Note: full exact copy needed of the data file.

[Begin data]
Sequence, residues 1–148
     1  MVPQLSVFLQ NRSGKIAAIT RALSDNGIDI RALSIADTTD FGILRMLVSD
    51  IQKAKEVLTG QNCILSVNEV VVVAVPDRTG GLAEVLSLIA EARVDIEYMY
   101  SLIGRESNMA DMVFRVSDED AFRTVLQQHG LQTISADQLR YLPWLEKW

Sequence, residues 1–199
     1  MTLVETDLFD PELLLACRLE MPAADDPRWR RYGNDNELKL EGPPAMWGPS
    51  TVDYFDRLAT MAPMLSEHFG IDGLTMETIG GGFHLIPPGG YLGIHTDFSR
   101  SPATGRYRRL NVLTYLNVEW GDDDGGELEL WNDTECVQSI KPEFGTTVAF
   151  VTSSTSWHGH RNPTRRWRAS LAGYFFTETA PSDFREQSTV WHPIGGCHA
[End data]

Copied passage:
Sequence, residues 1–148
     1  MVPQLSVFLQ NRSGKIAAIT RALSDNGIDI RALSIADTTD FGILRMLVSD
    51  IQKAKEVLTG QNCILSVNEV VVVAVPDRTG GLAEVLSLIA EARVDIEYMY
   101  SLIGRESNMA DMVFRVSDED AFRTVLQQHG LQTISADQLR YLPWLEKW

Sequence, residues 1–199
     1  MTLVETDLFD PELLLACRLE MPAADDPRWR RYGNDNELKL EGPPAMWGPS
    51  TVDYFDRLAT MAPMLSEHFG IDGLTMETIG GGFHLIPPGG YLGIHTDFSR
   101  SPATGRYRRL NVLTYLNVEW GDDDGGELEL WNDTECVQSI KPEFGTTVAF
   151  VTSSTSWHGH RNPTRRWRAS LAGYFFTETA PSDFREQSTV WHPIGGCHA